Los Angeles Mayor Eric Garcetti last November rallied 71 U.S. mayors, whose cities are homes to tens of millions of people, to sign an open letter calling on Donald Trump, then the president-elect, to honor the Paris Accord, which aims to reduce greenhouse gases and stem the effects of climate change. Now, as the president prepares to trigger an exit from the agreement, they––a list which includes the mayors of New York, Los Angeles, Chicago, Houston, Philadelphia, and Phoenix––have doubled down on their pledge to "forge ahead even in the absence of federal support."
Garcetti voiced his support for cities independently abiding by the agreement earlier last month.
In a series of tweets, New York City Mayor Bill DeBlasio announced he will sign an “executive order maintaining New York City’s commitment to the Paris Agreement” on climate change after reports yesterday indicated Trump would withdraw from it.
Chicago Mayor Rahm Emanuel condemned what he called an “alarming” decision to "ignore the consensus of 194 countries and the scientific community."
“Chicago will not skirt our responsibility to act,” he said in a statement. "We will work with cities around the country to reduce our emissions in accordance with the Paris Agreement, and urge President Trump to keep our nation’s commitment as well.”
Atlanta Mayor Kasim Reed also criticized the decision, cautioning that withdrawing from the agreement would cause the nation to lose its role as a global leader. He said Atlanta would remain committed to the goals of the climate agreement, including efforts to reduce carbon emissions and find clean energy solutions.
“This decision isolates our country from international partners in shared, global efforts to curb climate change, and at its core is an assault on our future stability and prosperity," he said.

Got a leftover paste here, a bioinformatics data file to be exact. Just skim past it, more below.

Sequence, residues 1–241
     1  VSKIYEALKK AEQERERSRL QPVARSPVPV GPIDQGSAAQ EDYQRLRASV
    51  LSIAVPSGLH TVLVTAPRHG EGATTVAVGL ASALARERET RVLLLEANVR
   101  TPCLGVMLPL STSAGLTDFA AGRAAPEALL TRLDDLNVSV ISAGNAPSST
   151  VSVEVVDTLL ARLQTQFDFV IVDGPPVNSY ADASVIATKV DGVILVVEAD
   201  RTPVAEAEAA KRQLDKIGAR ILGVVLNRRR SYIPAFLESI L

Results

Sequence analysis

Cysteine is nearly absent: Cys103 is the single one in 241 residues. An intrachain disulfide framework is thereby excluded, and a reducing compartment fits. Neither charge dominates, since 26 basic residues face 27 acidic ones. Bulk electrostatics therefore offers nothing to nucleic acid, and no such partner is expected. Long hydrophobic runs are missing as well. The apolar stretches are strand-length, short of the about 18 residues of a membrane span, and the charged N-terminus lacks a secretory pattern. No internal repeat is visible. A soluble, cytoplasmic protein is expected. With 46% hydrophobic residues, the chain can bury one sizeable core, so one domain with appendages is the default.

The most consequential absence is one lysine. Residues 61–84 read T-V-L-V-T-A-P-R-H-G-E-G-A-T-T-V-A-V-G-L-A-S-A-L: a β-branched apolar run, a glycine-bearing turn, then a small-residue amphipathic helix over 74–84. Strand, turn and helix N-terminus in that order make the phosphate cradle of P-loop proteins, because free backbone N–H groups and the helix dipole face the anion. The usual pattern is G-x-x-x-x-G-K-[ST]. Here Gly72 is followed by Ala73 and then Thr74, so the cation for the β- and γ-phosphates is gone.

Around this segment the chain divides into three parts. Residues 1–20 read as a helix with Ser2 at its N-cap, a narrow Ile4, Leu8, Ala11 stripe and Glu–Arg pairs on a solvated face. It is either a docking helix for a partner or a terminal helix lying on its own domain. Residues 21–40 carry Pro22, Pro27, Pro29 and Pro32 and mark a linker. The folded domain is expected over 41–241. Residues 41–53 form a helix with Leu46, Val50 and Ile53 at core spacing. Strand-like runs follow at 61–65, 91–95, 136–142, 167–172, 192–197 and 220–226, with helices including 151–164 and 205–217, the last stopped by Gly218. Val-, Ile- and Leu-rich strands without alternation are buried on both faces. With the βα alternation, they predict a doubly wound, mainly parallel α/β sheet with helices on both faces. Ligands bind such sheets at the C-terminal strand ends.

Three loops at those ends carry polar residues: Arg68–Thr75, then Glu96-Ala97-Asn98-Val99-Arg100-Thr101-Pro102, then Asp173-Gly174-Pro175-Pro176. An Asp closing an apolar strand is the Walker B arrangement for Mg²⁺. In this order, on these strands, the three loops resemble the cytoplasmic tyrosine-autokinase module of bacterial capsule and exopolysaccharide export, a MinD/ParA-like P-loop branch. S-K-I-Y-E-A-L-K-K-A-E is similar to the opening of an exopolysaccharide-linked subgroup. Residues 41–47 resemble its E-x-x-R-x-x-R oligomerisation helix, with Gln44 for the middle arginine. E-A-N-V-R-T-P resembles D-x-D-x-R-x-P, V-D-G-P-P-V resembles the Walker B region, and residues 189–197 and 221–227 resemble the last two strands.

Boston Mayor Martin Walsh urged the Trump administration not to withdraw from the agreement while pledging that the city would maintain its commitment to clean air and water.
“If this administration turns its back to the environment, cities like Boston will have to step up," Walsh said at a City Hall news conference. "As a coastal city, we know what’s at stake. The city of Boston will not back down. We’re going to continue to invest in clean energy and create jobs.”
City leaders are not alone in their efforts. A host of leaders within government, the scientific community, universities, and the private business sector have also expressed concern over the rumored move.
To limit warming and the "impact it causes," says Professor Gabi Hegerl, of the University of Edinburgh in Scotland, "we need to limit the total amount of carbon added to the atmosphere. This can only be done if the world economies work together. If Paris is abandoned or weakened, I fear for the future of our children.”
Democratic Leader Nancy Pelosi issued a statement shortly after reports of a possible withdrawal surfaced:
President Trump’s decision to pull the United States out of the Paris Climate Accord is a stunning abdication of American leadership and a grave threat to our planet’s future. In walking away from this agreement, the President is denying scientific truths, removing safeguards that protect our health and our environment, protecting polluters and their dirty energy agenda, and threatening our national and global security...
The majority of Americans in both parties know that climate change is real, and want clear, decisive action to arrest its dire effects. Democrats will continue to support the strong action of states, cities and the private sector to halt the march of climate change, no matter how destructive and short-sighted the decisions of this Administration continue to be.
The news also sparked fears in Europe, prompting a response from Parisian Mayor Anne Hidalgo, who chairs a group of 40 major cities and has worked to help city officials bolster their commitments to climate change policies.
Anne Hidalgo. (Credit: Source.)
“No matter what decision is made by the White House, cities are honouring their responsibilities to implement the Paris agreement. There is no alternative for the future of our planet," she said.
Earlier this spring, Hidalgo discussed the "important role" mayors play in challenging policies detrimental to the environment.
“Donald Trump is not the one who’s going to decide whether he applies the Paris agreement or not. It’s the cities,” Hidalgo said at the time. “Big cities are responsible for 70% of greenhouse-gas emissions. We have a political responsibility, as mayors, to say, ‘We must act now.’ Because tomorrow it will be too late.”
Analysts warn that exiting the agreement could see carbon taxes and other "trade barriers" placed on U.S. exports in the future. President Trump plans to make an announcement today at 3 PM EST.